Semifinal: Del Potro vs. Haas
Bottom half: Filled with question marks, the third quarter could produce a surprise semifinalist. The favorite at first glance would seem Milos Raonic, by far the most powerful of the seeds. Raonic’s massive serve could sizzle on a hot hard court, but he has accomplished little since winning yet another San Jose title in February. Neither has fellow seed Nikolay Davydenko, who has struggled historically against possible second-round opponent James Blake. Some of Gilles Simon’s best results have come in North America, including a Miami quarterfinal this spring, and the fifth seed’s steadiness might suffice to ease him past the erratic men around him. Among them is former champion Radek Stepanek, who looks forward to American collegiate star Steve Johnson in his opener.
One might lose sight of defending champion Alexandr Dolgopolov in the fourth quarter. Not a threat for most of 2013, Dolgopolov faces an arduous route towards a title defense. Home hope John Isner looms in the third round if he can revive his energy after a draining title run in Atlanta. An easier route to the quarterfinals beckons for Kei Nishikori, who won a North American 500 tournament at Memphis this year. Bogota runner-up Alejandro Falla faded quickly in Atlanta, as did American teenage sensation Jack Sock. The clean, balanced baseline game of Nishikori should carry him past either of those opponents, after which a first meeting with Isner could await.
Semifinal: Simon vs. Isner
Final: Del Potro vs. Isner
Top half: An assortment of Europeans and clay specialists have headed to this Austrian event before venturing into the steamy American summer. German top seed Philipp Kohlschreiber aims to move one round further than he did at another clay 250 event. The finalist in Stuttgart a few weeks ago, Kohlschreiber can look ahead to a quarterfinal against Spanish dirt devil Marcel Granollers. This Rome quarterfinalist will welcome the opportunity to erase memories of an epic loss in Gstaad last week. Between them stand Horacio Zeballos of Nadal-defeating fame and Wimbledon surprise Kenny de Schepper, who reached the second week there.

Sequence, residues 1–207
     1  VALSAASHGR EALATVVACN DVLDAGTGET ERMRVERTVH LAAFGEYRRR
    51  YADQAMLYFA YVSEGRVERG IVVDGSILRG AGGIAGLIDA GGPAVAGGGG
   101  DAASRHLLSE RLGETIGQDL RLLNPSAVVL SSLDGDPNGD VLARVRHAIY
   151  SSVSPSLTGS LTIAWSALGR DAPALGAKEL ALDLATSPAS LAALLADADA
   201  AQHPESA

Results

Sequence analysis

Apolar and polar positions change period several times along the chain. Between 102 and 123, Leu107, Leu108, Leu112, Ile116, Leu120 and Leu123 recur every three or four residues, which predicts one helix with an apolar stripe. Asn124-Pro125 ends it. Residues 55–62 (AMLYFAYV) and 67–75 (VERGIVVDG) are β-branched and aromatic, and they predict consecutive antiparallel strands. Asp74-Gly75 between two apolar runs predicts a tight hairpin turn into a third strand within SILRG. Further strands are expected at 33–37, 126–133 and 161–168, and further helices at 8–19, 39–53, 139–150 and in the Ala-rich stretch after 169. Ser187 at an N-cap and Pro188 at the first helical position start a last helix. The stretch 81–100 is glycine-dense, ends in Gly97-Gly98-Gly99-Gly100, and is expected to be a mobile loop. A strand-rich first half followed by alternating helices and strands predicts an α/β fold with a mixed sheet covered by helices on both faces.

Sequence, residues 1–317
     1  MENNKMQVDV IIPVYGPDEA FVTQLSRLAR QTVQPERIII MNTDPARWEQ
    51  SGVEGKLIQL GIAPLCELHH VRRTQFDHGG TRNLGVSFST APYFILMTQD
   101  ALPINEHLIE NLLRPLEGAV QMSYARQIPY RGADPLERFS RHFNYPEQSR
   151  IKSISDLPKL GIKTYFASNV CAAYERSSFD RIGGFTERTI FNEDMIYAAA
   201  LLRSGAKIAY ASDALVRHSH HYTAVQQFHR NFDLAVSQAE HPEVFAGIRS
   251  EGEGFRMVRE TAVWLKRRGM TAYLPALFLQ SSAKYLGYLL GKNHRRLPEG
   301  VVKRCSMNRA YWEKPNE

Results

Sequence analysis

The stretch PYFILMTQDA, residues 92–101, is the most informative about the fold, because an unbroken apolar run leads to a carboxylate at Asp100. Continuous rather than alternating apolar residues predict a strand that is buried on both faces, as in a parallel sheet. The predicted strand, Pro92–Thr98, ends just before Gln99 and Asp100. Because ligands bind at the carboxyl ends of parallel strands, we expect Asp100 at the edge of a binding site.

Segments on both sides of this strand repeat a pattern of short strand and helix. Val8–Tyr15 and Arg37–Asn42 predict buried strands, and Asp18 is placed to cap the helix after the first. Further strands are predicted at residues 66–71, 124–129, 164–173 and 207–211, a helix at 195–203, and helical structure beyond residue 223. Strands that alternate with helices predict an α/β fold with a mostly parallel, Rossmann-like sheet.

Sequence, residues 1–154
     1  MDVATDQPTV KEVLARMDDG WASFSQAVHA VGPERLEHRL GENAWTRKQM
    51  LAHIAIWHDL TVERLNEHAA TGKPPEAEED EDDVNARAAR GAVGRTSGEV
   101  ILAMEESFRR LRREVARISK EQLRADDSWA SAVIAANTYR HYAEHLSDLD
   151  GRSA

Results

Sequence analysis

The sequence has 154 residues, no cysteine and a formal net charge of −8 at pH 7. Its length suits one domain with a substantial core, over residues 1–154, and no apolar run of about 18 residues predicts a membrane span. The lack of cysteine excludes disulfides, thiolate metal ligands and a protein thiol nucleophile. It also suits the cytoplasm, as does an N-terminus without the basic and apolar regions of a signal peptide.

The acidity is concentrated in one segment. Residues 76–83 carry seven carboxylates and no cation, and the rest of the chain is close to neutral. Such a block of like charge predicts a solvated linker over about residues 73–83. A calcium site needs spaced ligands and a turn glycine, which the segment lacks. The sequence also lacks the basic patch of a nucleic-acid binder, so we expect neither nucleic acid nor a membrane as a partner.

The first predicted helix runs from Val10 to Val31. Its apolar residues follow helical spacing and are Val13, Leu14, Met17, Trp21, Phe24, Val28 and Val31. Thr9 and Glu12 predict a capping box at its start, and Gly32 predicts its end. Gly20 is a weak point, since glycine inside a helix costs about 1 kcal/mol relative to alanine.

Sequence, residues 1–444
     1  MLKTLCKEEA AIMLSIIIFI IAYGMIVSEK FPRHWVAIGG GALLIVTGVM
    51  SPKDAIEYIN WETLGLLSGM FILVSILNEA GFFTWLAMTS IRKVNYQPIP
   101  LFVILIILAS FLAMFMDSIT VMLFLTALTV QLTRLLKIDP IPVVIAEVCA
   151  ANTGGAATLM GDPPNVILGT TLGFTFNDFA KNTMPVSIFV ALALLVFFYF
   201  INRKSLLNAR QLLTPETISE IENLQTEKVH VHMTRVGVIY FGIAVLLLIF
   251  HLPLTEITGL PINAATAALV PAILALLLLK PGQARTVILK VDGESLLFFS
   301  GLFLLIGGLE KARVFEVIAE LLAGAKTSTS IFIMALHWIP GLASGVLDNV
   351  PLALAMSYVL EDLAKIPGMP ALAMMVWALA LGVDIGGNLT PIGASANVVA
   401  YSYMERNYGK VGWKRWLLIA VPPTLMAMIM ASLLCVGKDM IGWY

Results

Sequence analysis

A greater Wimbledon surprise than de Schepper came from Fernando Verdasco, who would not hold the third seed here if not for his quarterfinal appearance at the last major. To his credit, Verdasco parlayed that breakthrough into a strong July, highlighted by victories over Nicolas Almagro, Grigor Dimitrov, and Jerzy Janowicz. An all-lefty matchup against Brazilian clay specialist Thomaz Bellucci should not detain him for long en route to a rematch of the Bastad final. At that Swedish tournament, Verdasco fell to Carlos Berlocq, who faces an extremely challenging assignment as the fifth seed. Days after defeating Federer, the ominous Daniel Brands sets his sights on the Bastad champion. Also in this deep section is Robin Haase, arriving from a series of morale-boosting wins in Gstaad.
Semifinal: Granollers vs. Verdasco
Bottom half: A week of mixed omens for Albert Montanes in Umag included an upset over world No. 9 Richard Gasquet and a tight loss to Gasquet’s compatriot Gael Monfils. Twice a semifinalist on clay already this summer, Victor Hanescu finds himself on a collision course with Montanes, who won a clay title in Nice just before Roland Garros. The winner should feel confident heading into the quarterfinals, although home hope Jurgen Melzer will have most of the audience behind him. Melzer reached the second week of Wimbledon but has lost five consecutive clay matches dating back to Monte Carlo.
Arguably the softest section, the base of the Kitzbuhel draw lies at the mercy of second seed Juan Monaco. This recent member of the top 10 has shown altogether too much mercy in 2013, helplessly watching his ranking decline. All the same, Monaco has produced at least somewhat respectable tennis this summer on clay, his best surface. Three qualifiers and a wildcard offer little competition, so any challenge would need to come from one of two Spaniards. While Daniel Gimeno-Traver has struggled on clay this year, Roberto Bautista-Agut retired last week in Gstaad. Monaco thus looks safe unless he implodes, admittedly not unthinkable.
Semifinal: Montanes vs. Monaco
Final: Verdasco vs. Montanes